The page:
John Calipari’s second Kentucky squad was also a team that didn’t demonstrate improvement in turnover percentage as the season progressed. Of course, much like 2009 Memphis, it’s difficult to improve in something that you’re already really good at. Make no mistake about it, the Brandon Knight led Wildcats were extremely efficient with the ball all season long as their turnover percentage average never exceeded 17.2%. Not only did they never exceed 17.2% on the season, but they also finished the season ranked 10th nationally in this category, turning the ball over only 16.1% of the time.
As I’m sure you can recall, last year’s edition of Wildcats had many problems. I won’t bother listing them all as that horse has been beaten enough, but turnovers were undeniably a problem for that team. They started off the season with some promise, turning the ball over roughly 17% of the time, but as the season progressed, so did the turnovers. The Ryan Harrow led Cats finished the season turning the ball over on 19.4% of possessions, good for 138th nationally.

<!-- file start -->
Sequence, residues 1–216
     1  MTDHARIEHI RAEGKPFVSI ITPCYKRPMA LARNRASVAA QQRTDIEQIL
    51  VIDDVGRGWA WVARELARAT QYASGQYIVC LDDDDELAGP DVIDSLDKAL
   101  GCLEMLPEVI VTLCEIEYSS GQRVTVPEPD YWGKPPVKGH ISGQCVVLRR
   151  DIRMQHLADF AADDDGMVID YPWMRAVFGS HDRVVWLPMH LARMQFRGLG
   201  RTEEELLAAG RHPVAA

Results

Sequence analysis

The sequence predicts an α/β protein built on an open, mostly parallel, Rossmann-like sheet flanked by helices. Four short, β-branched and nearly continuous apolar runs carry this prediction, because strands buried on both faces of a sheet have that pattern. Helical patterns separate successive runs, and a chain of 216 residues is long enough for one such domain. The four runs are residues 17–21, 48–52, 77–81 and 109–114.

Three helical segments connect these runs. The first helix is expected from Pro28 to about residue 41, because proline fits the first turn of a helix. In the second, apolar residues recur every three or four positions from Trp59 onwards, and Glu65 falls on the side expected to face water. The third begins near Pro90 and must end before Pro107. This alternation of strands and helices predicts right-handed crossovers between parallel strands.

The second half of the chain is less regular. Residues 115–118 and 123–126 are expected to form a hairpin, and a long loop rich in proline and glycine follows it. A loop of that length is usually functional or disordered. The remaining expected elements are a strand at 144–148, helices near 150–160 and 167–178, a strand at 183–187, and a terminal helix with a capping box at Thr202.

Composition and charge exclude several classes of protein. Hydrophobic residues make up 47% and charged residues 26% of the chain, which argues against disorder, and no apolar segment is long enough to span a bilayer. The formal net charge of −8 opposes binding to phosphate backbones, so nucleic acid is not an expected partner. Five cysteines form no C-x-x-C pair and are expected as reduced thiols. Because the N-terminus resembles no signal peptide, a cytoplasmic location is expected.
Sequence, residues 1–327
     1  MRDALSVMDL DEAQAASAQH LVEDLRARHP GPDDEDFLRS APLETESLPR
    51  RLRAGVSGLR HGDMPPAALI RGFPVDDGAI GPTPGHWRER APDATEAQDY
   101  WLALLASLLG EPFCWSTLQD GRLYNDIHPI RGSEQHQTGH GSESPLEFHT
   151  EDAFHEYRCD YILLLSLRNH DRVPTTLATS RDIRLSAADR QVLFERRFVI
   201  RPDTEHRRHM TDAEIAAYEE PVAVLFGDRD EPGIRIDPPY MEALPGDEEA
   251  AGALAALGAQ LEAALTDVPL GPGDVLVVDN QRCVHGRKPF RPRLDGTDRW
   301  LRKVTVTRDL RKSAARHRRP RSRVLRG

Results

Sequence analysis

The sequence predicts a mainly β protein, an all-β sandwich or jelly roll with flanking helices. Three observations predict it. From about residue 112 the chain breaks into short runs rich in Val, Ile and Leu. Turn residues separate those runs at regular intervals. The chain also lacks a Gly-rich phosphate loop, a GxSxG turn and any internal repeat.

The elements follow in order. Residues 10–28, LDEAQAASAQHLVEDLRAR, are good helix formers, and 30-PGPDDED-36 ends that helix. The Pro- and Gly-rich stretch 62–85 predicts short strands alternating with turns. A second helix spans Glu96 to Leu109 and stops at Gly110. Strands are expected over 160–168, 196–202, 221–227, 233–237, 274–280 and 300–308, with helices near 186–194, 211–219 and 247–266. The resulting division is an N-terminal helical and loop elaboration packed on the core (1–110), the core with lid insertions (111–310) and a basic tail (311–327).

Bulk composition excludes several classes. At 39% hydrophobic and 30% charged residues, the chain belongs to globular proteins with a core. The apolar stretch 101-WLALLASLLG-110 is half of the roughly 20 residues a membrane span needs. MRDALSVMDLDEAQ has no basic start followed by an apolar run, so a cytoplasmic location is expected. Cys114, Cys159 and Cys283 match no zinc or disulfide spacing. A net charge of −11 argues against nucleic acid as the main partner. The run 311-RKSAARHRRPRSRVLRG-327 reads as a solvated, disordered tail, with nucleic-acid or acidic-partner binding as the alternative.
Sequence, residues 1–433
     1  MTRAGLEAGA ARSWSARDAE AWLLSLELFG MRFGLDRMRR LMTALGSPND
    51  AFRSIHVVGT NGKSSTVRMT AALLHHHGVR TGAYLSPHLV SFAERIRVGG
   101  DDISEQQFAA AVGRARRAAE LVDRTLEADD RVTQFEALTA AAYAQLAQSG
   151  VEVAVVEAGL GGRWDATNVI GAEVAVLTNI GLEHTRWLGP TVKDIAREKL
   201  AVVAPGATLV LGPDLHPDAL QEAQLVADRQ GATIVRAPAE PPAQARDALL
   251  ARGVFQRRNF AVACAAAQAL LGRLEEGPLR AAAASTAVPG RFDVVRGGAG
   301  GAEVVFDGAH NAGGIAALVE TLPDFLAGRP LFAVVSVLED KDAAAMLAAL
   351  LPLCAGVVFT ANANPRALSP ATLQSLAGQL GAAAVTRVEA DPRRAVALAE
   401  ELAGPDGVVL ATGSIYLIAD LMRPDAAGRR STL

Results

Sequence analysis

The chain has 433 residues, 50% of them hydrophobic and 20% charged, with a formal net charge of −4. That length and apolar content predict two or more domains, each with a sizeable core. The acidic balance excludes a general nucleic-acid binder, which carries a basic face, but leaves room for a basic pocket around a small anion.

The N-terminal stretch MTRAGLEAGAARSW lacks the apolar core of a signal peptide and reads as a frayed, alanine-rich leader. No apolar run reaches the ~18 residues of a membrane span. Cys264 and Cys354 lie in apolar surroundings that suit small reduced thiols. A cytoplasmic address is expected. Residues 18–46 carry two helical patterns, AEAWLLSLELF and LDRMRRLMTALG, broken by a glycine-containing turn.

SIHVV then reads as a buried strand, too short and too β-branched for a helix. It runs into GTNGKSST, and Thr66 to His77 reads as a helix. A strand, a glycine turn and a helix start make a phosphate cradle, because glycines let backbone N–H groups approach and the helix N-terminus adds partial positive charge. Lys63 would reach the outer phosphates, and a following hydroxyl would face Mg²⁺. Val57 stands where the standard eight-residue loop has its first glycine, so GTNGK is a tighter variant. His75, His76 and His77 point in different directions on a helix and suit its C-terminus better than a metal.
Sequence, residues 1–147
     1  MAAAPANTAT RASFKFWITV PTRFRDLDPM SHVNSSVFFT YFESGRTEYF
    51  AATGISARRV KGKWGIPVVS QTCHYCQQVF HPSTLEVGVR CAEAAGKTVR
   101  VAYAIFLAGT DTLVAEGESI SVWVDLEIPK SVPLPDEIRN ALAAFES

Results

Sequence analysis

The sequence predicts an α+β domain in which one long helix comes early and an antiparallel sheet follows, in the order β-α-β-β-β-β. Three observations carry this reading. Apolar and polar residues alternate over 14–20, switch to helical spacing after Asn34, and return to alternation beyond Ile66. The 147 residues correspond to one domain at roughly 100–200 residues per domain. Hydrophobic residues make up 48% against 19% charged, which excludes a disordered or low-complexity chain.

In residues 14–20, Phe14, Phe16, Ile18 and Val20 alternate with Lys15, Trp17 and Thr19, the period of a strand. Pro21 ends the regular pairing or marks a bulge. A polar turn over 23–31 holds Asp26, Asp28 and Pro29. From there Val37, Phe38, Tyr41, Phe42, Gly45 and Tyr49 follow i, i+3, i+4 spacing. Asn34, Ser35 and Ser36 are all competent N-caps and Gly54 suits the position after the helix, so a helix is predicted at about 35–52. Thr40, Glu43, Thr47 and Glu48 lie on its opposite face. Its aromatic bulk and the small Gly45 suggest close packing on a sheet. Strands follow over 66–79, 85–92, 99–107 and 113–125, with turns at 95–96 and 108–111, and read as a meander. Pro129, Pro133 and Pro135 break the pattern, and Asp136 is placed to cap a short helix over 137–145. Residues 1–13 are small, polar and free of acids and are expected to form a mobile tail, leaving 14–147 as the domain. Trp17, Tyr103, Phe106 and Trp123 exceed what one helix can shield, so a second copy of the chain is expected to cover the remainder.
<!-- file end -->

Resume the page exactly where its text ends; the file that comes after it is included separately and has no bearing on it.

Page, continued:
While Kentucky has struggled early this season with turnovers, I’d say there will certainly be improvement in this category as the year continues. History tends to indicate that a team who struggles initially under Calipari begins improving around the 15-20 game mark. As for the amount of improvement, it’s anyone’s guess. We still have players like Julius Randle and James Young who have yet to correct their turnover issues, but I’d say that more game time will benefit them greatly. Ideally, this edition of Cats can emulate 2008 Memphis and virtually eliminate the turnovers as time progresses, but even a marginal improvement would do wonders for this squad.